As of now, there is no standardized curriculum around financial literacy. You can seek it out on your own, but there are very few financial literacy classes that are a part of formal education. As a result, people lack understanding about credit, credit scores, and the value of money. To improve financial literacy, I’d recommend:

  1. Proper financial education starting at a young age. The earlier this education begins, the more children will have the opportunity to understand the world of finance. Organizations like the National Academy of Finance are doing amazing work to add real world finance, STEM lessons, and relevant experiences to schools’ curricula.
  2. Earlier in my career, I worked with Junior Achievement, teaching middle school students about financial literacy and responsibility. I worked with the kids to organize and run a campaign selling candy. We came up with a budget, plan, and marketing strategy, and tracked spending and profit. It was a very valuable exercise for everyone, including me
  3. Gamification. Games are a great way to help children understand finance.
  4. Work towards global equality. Organizations like Women’s World Banking (WWB), are doing their part in bringing greater equity and economic stability to women, families, and communities in emerging markets.

You are a “finance insider”. If you had to advise your adult child about 5 non intuitive things one should do to become more financially literate, what would you say? Can you please give a story or example for each.

I have five children and seven grandchildren, and I have consistently reinforced that they can be whoever and whatever they choose to be, and that being kind and giving are paramount. Your financial situation changes a lot over the course of your life. Embrace what is required at that point in time, and recognize the importance of financial independence in whatever form it takes. I believe that:

  1. Responsible borrowing is fine. Many people will borrow money over the course of their lives, and that’s why so many products exist to help. There are lending products that can help us achieve and meet certain goals at certain times in our lives — like going to college, paying for a home, or starting a business. We can be responsible about borrowing money and not feel like we’re doing something wrong.
  2. Learn how to budget, and keep close track of your own budget. This is an important part of learning independence. College is an in-between time when parents may still provide for their children, but when their children can make their own decisions about what to do with the money they are given.
  3. Speak up for what is right. Make sure you are paying attention to the terms and conditions and understand your responsibility and the responsibility of your institution.
  4. Read every contract before you sign it. Every financial decision comes with a contract, even something as simple as signing up for a credit card. Ask questions, and then ask more questions.
  5. Learning is key to all success. It is okay to say “I don’t know” and to ask for help. Asking for help is a sign of strength, not weakness.

None of us are able to achieve success without some help along the way. Is there a particular person who you are grateful towards who helped get you to where you are? Can you share a story about that?

I am very grateful to many people who have helped me along the way. On a personal level, to my family for their continuous support. On a professional level, to so many of my bosses, colleagues, and team members who have helped and continue to help me immensely. When you transition from being a corporate executive to an entrepreneur, the learning curve is steep and having experienced, trusted colleagues is invaluable.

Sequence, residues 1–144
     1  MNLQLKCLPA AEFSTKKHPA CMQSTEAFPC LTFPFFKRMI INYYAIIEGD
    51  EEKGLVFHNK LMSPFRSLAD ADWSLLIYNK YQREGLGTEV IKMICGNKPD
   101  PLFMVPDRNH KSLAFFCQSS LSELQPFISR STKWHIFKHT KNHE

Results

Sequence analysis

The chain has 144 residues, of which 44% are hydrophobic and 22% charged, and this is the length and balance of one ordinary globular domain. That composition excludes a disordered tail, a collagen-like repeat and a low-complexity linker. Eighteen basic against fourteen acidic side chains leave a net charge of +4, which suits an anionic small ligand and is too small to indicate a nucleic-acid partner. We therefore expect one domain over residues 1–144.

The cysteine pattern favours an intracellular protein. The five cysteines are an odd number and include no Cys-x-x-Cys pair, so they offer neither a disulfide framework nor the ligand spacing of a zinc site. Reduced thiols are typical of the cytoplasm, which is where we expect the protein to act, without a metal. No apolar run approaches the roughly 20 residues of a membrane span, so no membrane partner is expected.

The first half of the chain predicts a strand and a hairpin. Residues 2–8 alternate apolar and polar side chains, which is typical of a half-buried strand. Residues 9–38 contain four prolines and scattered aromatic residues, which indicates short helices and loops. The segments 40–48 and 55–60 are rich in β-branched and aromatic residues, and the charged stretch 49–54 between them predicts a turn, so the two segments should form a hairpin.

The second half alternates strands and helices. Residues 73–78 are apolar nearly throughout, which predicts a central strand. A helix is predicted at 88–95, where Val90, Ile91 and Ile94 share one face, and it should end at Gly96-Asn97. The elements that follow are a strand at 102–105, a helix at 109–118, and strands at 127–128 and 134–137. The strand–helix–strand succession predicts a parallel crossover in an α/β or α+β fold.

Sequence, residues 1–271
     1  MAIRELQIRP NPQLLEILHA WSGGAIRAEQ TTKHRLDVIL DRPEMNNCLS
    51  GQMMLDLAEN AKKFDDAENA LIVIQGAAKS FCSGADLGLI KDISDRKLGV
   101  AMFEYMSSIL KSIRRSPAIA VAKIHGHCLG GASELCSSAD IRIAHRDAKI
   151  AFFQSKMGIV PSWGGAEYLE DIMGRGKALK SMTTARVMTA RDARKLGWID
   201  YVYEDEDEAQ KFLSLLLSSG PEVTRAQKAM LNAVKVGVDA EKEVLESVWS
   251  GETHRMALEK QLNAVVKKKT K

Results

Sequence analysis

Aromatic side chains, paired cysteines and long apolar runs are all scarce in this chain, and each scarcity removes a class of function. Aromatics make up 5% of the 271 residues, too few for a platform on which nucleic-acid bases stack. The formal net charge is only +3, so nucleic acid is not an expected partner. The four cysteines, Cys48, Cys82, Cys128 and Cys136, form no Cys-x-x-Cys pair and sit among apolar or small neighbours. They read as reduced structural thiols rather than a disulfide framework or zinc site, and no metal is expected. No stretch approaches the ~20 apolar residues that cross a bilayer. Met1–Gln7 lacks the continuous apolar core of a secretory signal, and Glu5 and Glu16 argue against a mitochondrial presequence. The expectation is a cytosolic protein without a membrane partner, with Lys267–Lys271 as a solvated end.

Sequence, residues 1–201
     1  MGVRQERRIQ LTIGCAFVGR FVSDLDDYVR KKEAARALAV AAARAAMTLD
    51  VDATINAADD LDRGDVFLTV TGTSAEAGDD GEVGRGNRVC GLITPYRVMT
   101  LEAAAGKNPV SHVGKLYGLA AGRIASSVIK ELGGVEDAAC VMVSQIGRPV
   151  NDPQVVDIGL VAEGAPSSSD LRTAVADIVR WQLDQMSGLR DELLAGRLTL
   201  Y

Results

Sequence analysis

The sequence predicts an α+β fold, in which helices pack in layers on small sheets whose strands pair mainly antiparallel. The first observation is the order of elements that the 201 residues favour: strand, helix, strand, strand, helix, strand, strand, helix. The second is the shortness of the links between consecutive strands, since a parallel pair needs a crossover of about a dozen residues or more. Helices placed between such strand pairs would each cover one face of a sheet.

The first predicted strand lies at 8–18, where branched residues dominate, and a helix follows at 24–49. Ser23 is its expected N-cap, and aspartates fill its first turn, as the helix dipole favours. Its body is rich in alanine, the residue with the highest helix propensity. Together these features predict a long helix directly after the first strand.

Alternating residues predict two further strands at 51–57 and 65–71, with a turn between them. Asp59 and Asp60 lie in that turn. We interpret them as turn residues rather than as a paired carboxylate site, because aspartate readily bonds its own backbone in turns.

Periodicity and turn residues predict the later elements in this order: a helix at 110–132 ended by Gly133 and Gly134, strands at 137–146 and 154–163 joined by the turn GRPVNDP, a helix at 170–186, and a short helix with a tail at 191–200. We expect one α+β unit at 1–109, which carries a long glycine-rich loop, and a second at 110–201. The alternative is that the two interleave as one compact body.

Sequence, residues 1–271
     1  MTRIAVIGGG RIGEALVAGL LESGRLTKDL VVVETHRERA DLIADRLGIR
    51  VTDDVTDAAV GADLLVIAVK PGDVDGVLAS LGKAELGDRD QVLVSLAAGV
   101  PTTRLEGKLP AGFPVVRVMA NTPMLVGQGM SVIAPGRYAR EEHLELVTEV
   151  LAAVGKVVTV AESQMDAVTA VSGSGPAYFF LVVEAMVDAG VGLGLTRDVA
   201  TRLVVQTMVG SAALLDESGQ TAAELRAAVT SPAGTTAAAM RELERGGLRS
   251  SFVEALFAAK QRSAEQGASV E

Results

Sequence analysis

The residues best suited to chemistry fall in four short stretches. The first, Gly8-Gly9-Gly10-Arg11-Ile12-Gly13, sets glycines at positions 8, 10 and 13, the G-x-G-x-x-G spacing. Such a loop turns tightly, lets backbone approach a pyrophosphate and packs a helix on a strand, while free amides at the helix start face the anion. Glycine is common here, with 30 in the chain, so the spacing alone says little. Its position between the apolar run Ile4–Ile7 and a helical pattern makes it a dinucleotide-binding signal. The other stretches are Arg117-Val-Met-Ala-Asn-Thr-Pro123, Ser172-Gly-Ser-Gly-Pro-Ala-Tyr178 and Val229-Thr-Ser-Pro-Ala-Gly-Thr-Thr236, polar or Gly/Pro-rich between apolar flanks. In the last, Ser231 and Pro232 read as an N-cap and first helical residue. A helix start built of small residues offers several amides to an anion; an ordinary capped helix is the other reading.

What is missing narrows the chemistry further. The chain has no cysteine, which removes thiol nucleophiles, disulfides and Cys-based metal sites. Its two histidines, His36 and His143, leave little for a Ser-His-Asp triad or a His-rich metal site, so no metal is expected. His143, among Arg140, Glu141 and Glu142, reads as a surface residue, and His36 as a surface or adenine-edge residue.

Specifically, I owe a great deal of thanks to my former bosses at Citi, Steve Freiberg and Ajay Banga, who believed in me, but even more importantly, believed in the power of analytics and innovation. At Citi, the culture was rooted in intellectual curiosity and the desire to lead the industry, so it was very welcoming to new ideas. I was able to introduce new capabilities that ultimately became industry standards because I had the support of my bosses and leaders.

I also could not be doing what I’m doing today without Angela Curry. She was a core part of my team at Citi, and, as my Chief Operating Officer, she continues to help me build PositivityTech into what it is today.

Can you please give us your favorite “Life Lesson Quote”? Can you share how that was relevant to you in your life?

“Vision without execution is merely hallucination.” — Albert Einstein

Having a vision is important, and communicating that vision is critical to getting the support you need. However, translating that vision into a strategy with tactical sets of initiatives, which can be developed and implemented with a talented team, is both challenging and essential for your vision to become a reality.

Execution can always improve. But to begin moving forward from dream to reality, you must be able to translate your vision into a roadmap with definitive plans, resources, and expected outcomes.

You are a person of great influence. If you could inspire a movement that would bring the most amount of good to the greatest amount of people, what would that be? You never know what your idea can trigger. 🙂

When I left Citi, I had a vision of what I wanted to do next: I wanted to use my experiences, knowledge, network, and influence to be impactful. I wanted to be collaborative and nontraditional by listening to others and learning from diverse and unique points of view. I wanted to challenge myself intellectually and discover something new. I wanted to make a difference.

What I am doing now at PositivityTech is the summation of everything that I set out to achieve. I have always been passionate about empowering individuals to find their voice and speak up with the knowledge that they will be heard. I urge companies to listen to their customers’ voices. They are hidden assets — and a valuable tool for growth and change.